We often think of karma in terms of morality. Often people see no difference between karma, evil, and sin. Although karma deals with positive and negative actions and therefore often parallels good and evil, it is not exactly the same thing.

Some define 'sin' as being 'not good enough for God.' The implication being that it is more demanding than simple morality based on good and evil, that there is a higher standard being asked for. And so it is with karma, but not in the same manner as with sin, which still strives towards a pure good to the exclusion of all evil.

Karma seeks both balance and stasis, but a balance that is grounded without extremes. Each passion, each thought, excites the balance and sets the wheel of karma into motion.

A few years ago, I recorded an extended musical work titled 'A Beginner's Mind On Love & Sin.' I was interested in exploring the mystery in Eastern spirituality that love itself is considered a 'sin' in that it ignites passion and binds us to material existence.

A monk that spends his life in devotion to God will often, as he reaches the moment of enlightenment, find that his love of God is standing in his way. Or that after sacrificing his life to worldly detachment, find that his dedication to the goal of detachment is an attachment that blocks his way. It is a cruel irony. And only final failure and despair can unblock the way.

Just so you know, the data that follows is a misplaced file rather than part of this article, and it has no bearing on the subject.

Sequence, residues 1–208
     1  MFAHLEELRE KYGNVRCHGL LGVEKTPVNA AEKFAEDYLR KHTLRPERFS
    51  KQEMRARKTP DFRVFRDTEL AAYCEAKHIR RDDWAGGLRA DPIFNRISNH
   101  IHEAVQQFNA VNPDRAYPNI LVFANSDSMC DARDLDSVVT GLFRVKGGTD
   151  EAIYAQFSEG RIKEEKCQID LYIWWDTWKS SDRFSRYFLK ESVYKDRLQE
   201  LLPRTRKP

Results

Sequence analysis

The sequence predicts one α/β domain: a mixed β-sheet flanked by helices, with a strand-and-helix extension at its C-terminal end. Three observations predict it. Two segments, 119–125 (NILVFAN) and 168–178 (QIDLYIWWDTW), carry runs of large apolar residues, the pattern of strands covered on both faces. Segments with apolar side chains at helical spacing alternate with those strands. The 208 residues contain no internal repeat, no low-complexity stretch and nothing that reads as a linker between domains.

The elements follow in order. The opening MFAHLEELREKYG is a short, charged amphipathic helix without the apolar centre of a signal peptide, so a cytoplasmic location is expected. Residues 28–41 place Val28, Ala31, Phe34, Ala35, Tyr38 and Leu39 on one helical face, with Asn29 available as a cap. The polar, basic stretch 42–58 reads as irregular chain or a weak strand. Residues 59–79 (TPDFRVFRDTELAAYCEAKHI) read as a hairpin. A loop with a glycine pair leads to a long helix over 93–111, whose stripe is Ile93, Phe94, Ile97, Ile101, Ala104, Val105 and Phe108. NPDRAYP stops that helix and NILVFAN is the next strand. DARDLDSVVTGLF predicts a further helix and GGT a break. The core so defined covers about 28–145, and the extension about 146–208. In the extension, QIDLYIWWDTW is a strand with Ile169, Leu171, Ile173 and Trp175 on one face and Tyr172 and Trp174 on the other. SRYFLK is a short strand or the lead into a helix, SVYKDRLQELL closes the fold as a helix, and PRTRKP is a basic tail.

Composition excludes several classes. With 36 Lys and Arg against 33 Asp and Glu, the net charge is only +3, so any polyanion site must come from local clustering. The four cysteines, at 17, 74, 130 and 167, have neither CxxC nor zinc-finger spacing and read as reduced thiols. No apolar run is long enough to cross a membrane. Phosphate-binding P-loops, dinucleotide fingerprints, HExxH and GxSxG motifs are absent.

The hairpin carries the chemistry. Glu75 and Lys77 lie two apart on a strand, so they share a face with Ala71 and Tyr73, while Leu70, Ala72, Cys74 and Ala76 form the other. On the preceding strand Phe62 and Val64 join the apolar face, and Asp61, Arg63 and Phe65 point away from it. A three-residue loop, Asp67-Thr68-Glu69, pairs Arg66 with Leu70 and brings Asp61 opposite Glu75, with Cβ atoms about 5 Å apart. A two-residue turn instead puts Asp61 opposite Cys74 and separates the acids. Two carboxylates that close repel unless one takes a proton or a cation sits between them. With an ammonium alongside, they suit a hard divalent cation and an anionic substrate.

So with karma, to love - 'love' in the sense of desire, passion, and possession of that loved - is an action that excites karmic effect. Given this, to live is to build karma, and it is very hard to find a moral compass that avoids negative karma. Karma is the most demanding of moral codes. And when you have experienced its wrath, you learn to respect its power. It demands more than purity. It demands more than good. It demands a sacrifice of self that most of us cannot even imagine, and few can ever achieve.


The Imperial Orgy are a group of sensualists lead by pagan singer songwriter Caeser Pink. Caeser Pink and The Imperial Orgy have amultimedia performance art group called Caeser Pink and The Imperial Orgy. Among the performers is Frank Picarazzi who is known for his Music Compostion services.

Caeser Pink is also known as an Outsider artist. He also works with a non-profits arts organization called Arete Living Arts. Caeser Pink and Imperial Orgy CDs, DVDs, and Adult gifts can be bought at the Artists Revolution store. If you need Radio Promotion, artist Promotion, internet promotion or music promotion we suggest One Stop Indie shop.

If you would like to take a spiritual journey of self discovery or are into polyamory and group sex orgies visit The Orgy Experience. If you like Poetry and erotic performance artist check out Heather Milburn's website. Or to meet interesting people for Group Sex and pagan sexual free love try our Sunday night online chats.

The Imperial orgy TV show is also very entertaining. If you want to see sexy Orgy photos See this shit.